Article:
Was the Kennedy hit engineered by the Soviet Union-Fidel Castro alliance in retaliation for the U.S. victory in the Cuban Missile Crisis and the CIA's numerous attempts to assassinate the Cuban dictator? An internal de facto coup by the U.S. intelligence community or bare-knuckled revenge meted out by mobsters infuriated with RFK and patriarch Joseph Kennedy?

Unlike the identity of Deep Throat this unsolved crime remains relevant to America's political culture since so many Democrats (and former Democrats) still worship the meticulously orchestrated JFK presidency and try to recapture the manufactured glitter of those 1000 days in the early 60s. Bill Clinton, Gary Hart, John Edwards and John Kerry, just to name a few contemporary pols, tried, with varying degrees of success, to remind voters of Kennedy.

The extended Kennedy clan is active in public life, led by Sen. Teddy, a galvanizing force for liberals despite his own personal troubles. RFK's surviving children, and their spouses and cousins, are automatically on short lists to run for any number of statewide offices. Even a lightweight like Rep. Patrick Kennedy is able to raise vast amounts of money for his party because of his last name.

It's possible, of course, that Oswald did act on his own volition, a lunatic with a score to settle. Given the extraordinary geopolitical tensions of that era, however, as well as domestic subterfuge that wasn't under the microscope of today's exponentially expanded media industry, that doesn't seem likely.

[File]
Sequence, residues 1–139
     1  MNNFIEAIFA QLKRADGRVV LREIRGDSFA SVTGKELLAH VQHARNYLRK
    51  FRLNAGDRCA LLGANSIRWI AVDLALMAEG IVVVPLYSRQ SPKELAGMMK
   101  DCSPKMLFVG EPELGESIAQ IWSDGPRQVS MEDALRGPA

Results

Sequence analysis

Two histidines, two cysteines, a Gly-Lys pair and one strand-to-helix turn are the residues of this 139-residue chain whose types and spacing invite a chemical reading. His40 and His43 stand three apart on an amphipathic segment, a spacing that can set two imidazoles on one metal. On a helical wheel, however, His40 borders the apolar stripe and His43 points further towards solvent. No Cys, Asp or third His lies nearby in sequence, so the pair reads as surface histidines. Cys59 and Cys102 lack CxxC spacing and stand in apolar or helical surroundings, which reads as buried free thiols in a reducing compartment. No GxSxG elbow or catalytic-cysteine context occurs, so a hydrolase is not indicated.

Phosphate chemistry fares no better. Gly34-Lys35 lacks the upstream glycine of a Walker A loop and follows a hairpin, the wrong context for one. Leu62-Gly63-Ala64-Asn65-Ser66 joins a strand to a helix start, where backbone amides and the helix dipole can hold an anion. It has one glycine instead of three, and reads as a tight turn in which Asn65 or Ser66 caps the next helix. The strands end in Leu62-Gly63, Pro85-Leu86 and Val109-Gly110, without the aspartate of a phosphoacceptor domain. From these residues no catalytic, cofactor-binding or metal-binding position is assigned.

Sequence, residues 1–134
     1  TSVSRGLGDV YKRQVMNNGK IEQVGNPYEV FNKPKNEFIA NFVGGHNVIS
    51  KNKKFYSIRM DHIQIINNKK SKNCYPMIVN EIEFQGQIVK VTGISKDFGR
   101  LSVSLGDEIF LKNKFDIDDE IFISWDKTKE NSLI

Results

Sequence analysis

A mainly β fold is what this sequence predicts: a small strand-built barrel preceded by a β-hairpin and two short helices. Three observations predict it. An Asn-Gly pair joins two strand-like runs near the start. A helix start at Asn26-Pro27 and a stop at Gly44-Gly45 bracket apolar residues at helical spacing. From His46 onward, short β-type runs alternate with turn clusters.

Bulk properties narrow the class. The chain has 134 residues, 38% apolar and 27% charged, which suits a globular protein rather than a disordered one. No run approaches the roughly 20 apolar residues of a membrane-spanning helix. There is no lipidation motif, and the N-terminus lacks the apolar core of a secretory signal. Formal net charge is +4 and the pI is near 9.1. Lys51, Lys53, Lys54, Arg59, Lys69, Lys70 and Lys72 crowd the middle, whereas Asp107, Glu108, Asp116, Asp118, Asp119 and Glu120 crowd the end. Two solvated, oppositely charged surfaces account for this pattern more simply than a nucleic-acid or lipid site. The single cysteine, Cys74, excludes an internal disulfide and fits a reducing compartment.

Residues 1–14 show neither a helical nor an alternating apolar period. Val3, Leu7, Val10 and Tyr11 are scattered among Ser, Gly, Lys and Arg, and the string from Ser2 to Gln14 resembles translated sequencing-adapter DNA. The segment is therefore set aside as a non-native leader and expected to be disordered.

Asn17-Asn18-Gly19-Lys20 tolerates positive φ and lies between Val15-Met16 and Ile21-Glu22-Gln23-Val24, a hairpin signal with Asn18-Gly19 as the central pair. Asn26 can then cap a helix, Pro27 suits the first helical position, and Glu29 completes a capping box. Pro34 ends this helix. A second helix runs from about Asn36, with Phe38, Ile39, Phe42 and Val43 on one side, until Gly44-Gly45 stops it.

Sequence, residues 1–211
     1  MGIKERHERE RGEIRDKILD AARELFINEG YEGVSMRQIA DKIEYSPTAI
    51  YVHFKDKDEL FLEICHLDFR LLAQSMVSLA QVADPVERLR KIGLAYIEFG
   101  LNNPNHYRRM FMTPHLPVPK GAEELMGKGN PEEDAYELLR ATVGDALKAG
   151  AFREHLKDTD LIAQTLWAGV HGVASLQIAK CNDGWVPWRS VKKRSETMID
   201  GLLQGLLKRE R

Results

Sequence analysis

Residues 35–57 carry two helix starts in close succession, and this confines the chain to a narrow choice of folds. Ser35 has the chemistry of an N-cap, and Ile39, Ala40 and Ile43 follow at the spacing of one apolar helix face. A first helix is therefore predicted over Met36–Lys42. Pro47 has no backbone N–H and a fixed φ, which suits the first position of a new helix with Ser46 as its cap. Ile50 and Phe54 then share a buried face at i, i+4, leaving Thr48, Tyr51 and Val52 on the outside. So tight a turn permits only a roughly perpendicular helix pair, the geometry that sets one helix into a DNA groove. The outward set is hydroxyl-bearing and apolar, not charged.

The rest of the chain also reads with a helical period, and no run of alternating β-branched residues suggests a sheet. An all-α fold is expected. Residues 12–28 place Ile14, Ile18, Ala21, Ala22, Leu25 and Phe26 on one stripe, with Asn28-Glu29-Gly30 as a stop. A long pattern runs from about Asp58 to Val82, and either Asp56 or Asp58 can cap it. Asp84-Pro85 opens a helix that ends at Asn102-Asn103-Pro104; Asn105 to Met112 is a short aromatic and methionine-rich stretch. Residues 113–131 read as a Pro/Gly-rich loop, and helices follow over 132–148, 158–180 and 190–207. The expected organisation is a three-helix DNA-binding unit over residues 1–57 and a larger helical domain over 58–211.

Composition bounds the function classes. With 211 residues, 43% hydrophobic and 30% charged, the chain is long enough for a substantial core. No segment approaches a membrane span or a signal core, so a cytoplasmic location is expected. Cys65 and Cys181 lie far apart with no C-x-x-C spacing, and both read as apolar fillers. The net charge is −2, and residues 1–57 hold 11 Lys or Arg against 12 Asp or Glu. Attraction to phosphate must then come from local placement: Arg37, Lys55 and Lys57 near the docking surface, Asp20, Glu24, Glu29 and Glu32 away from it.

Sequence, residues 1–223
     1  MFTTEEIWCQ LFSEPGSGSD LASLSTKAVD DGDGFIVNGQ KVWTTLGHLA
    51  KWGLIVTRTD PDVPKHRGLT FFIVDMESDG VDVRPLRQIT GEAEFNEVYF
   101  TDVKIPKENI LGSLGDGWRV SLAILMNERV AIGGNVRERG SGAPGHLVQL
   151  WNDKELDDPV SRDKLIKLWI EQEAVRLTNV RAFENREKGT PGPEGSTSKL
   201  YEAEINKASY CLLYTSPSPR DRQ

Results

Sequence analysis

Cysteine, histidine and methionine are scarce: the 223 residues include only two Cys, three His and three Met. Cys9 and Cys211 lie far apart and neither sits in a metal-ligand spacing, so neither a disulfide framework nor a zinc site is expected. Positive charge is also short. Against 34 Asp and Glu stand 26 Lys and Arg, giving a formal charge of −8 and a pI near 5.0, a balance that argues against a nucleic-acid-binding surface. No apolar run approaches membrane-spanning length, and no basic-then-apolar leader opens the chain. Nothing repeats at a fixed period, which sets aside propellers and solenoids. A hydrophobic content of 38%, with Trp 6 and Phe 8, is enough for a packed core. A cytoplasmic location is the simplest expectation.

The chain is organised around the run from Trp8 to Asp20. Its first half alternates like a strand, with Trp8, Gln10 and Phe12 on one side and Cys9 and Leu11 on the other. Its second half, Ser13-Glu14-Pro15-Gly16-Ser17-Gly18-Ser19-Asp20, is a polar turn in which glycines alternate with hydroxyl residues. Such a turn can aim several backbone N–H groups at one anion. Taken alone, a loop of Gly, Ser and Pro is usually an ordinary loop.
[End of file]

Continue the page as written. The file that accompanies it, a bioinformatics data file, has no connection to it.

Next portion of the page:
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Meanwhile, the huge splash caused by Vanity Fair's article exposing Felt set off a typically partisan, and hypocritical debate among Washington politicians, bureaucrats and journalists. Many conservatives branded Felt a "traitor" because he violated FBI protocol and has finally come forward to reap financial rewards.

Journalist and actor Ben Stein wrote on June 3 in the online American Spectator that Felt leaked to Woodward because he was passed over as J. Edgar Hoover's successor, thus ruining the career of "peacemaker" Nixon. (Stein doesn't feel the need to mention that his father, Herbert, worked for the Nixon administration.)

This doesn't wash: Felt isn't the most noble of men, perhaps, but his help given to Woodward and Bernstein far transcends the motivations of one conflicted public official. Nixon was a creep (pun intended) and the Post's stories, along with Judge John Sirica's probing of James McCord and the Senate and House hearings, were crucial at the time.

On the other hand, I don't see how liberals can justify calling Felt a "hero" while continuing to dismiss Linda Tripp, who was the central figure in exposing the Monica Lewinsky scandal—which led to Clinton admitting that he lied under oath, a not insignificant felony—as a trailer trash harpy who was interested solely in personal gain.

It's an example of when double standards can make everybody happy.

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JWR contributor "Mugger" -- aka Russ Smith -- was the editor-in-chief and CEO of New York Press. Send your comments to him by clicking here.

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© 2005, Russ Smith